October 2014 ISSUE

 

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Magic Beans
The common bean appears to be the stuff of fairy tales—wielding powerful nutritional effects and protecting against obesity and disease. Chili anyone?
Not to disparage the esteemed potato in any way, but we’d all be better off if beans replaced it as a dietary staple, at least that’s the view of expert Dr. Victor Fulgoni, and a host of other nutritionists who provide convincing reasons to make the switch.

“Beans are just loaded with nutrients,” says Dr. Fulgoni, (www.nutritionimpact.com) a representative of Nutrition Impact, a consulting firm specializing in food manufacture based in Battle Creek, Michigan.

“The fiber content in beans is exceptionally high, as is its potassium and protein levels. If people would trade potatoes for beans it would be a fundamentally
different diet, and a much healthier one. But people don’t know about all the great stuff in beans.”

The skinny on beans is just that—they’ll keep you slim.

According to a groundbreaking study conducted by Nutrition Impact, beans help to reduce the risk of obesity in both adults and children.

“The really interesting thing,” comments Dr. Fulgoni, “is that those people eating beans are actually consuming more calories than others but still weigh less. There are a couple of explanations for this. One is that the consumption of beans is an indictor of a healthier lifestyle, which probably includes a lot of activity. And the second reason is that the fiber content of beans obviously provides people with some as of yet undefined metabolic advantage.”

Choose from among black beans, kidney beans, pinto beans, white beans, lima beans and navy beans—all members of the Phaseolus Vulgaris family—to provide fat-free protein and cholesterol-lowering fiber.

Beans have the special distinction of supplying fiber and protein, a rarity among foods.

Add potassium to the mix and is it any wonder Dr. Fulgoni recommends eating half-a-cup of beans a day?

According to Dr. Fulgoni it’s the lack of potassium that contributes to a high incidence of hypertension—he bemoans the focus on sodium: “We’ve missed the boat on hypertension. It’s not about sodium. We need to increase the amount of potassium in our diet.”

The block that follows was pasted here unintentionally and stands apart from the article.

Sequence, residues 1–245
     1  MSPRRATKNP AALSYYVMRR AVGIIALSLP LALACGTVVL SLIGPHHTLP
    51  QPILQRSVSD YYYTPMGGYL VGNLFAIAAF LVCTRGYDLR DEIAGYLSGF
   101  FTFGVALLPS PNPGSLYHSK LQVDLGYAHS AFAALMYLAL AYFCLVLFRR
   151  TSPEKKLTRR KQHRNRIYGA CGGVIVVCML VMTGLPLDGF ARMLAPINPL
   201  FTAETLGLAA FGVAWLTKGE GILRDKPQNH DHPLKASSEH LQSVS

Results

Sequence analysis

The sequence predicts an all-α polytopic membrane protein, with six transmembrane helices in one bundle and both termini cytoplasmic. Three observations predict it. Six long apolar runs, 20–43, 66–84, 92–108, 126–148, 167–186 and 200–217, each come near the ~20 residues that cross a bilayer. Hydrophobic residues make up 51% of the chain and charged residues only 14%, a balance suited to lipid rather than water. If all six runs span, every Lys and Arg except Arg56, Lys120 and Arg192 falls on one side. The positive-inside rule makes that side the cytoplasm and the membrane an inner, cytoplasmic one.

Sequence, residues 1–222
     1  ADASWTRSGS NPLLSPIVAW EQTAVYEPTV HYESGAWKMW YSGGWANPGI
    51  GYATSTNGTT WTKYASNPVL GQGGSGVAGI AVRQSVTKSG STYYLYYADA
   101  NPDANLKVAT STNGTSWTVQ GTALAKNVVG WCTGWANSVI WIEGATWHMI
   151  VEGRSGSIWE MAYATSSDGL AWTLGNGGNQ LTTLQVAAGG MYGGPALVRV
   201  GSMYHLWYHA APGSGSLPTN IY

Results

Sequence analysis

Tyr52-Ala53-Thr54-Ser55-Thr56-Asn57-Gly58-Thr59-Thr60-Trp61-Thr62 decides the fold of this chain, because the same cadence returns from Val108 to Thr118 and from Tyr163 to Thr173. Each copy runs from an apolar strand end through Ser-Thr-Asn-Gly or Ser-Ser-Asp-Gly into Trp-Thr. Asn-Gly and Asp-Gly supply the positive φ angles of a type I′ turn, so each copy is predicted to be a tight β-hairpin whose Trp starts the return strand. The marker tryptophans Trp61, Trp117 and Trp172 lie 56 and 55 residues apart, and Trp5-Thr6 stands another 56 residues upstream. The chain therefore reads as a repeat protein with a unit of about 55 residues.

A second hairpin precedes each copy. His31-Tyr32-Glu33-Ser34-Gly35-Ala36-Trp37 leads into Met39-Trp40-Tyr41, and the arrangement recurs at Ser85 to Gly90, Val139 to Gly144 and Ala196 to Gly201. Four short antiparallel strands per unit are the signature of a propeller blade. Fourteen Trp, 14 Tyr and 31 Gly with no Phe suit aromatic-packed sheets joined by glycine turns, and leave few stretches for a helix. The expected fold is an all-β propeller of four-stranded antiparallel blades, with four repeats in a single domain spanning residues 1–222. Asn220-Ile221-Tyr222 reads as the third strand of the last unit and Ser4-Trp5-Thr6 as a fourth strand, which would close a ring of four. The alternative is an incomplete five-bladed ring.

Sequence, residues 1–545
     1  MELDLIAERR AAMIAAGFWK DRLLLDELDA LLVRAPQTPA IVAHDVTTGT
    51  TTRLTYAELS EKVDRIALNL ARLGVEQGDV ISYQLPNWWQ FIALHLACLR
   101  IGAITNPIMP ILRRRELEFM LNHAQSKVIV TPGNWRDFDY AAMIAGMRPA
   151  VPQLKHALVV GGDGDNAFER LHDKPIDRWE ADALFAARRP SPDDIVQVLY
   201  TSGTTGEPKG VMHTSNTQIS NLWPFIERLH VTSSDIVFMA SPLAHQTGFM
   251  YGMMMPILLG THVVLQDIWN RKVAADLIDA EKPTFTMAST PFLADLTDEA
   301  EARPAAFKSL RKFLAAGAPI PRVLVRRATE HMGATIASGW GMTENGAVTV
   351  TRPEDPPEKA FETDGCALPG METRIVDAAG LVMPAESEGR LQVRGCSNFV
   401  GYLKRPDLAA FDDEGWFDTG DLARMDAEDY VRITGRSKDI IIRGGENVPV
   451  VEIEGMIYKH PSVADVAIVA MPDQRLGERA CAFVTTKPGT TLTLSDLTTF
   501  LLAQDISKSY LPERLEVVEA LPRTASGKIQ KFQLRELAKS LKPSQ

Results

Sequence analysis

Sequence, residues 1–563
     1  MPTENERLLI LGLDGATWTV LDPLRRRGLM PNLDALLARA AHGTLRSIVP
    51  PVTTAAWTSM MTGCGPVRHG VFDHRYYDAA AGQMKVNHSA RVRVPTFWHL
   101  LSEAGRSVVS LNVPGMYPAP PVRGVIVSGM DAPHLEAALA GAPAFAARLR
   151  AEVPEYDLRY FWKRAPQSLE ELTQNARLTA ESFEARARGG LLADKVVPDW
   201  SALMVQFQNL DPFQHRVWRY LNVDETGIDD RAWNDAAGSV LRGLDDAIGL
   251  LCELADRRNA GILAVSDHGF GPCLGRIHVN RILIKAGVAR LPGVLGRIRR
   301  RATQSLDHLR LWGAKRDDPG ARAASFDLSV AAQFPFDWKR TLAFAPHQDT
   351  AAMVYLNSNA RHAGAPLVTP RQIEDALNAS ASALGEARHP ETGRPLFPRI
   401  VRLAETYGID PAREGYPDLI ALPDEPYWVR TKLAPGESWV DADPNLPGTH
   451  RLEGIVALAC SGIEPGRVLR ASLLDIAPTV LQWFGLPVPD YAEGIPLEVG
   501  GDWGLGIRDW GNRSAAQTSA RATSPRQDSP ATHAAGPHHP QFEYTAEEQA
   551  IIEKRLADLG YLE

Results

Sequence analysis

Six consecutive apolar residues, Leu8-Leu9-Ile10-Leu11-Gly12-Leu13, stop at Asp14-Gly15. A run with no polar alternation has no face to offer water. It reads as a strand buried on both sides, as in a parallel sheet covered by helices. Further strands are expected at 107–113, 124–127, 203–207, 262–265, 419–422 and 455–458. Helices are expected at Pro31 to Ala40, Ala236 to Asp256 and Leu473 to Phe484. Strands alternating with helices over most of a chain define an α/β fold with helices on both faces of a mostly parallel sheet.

While potassium may not get the attention it deserves, fiber certainly does. Dietary guidelines throughout the world emphasize the need for high-fiber intake, giving rise to a growing interest in beans.

One cup of beans provides almost half the recommended daily intake for fiber. Kidney beans are a favorite of vegetarians, who regularly substitute them for ground beef in tacos.

An acquired taste, beans can be eaten raw after being soaked in water to soften.

“We need to develop a better set of recipes for side dishes that feature beans,” says Dr. Fulgoni. “Most people aren’t even aware of how to prepare them.”

Beans can either be soaked in water overnight, or boiled and then left to stand for a few hours. Cooking is also somewhat prolonged; an hour or more of simmering is required to further soften them. Fortunately little nutrient value is lost from either soaking or cooking.

In exchange for time spent in the kitchen, you are rewarded with a food that helps prevent heart disease, reduces blood sugar levels in diabetics, and perhaps most significantly of all, may lower a women’s risk for breast cancer.

A study of 90,630 women conducted over a period of a decade resulted in this startling finding, summarized by Dr. Clement A. Adebamowo, from the Harvard School of Public Health in Boston: “We found that women who ate beans or lentils two or more times a week, compared to those who ate them less than once a month, had a 24 per cent lower risk of developing breast cancer. Beans or lentils should be an important part of a diet that is rich in fruits and vegetables, which may be associated with a reduced risk of breast cancer.”

Uncertainty remains as to the precise nature of the agent responsible for this and other breakthrough discoveries regarding the health benefits of beans.

Bean Counter:

All beans provide the same nutritional benefits, but in different doses, so depending on your need, you might want to know the most outstanding feature of each:
  • Black beans lead the way in antioxidants—compounds that may help defend against cancer.
  • Navy beans contain high amounts of manganese, a vital trace element that assists in energy production.
  • Pinto beans boast significant levels of folate, which is important for maintaining good vascular health.
  • Lima beans are loaded with molybdenum, a trace mineral that helps to detoxify sulfites, a food preservative commonly used in salads.
  • Kidney beans are one of the best sources of soluble fiber available.
Before attempting any exercise or diet modification, always consult a fitness or medical professional.
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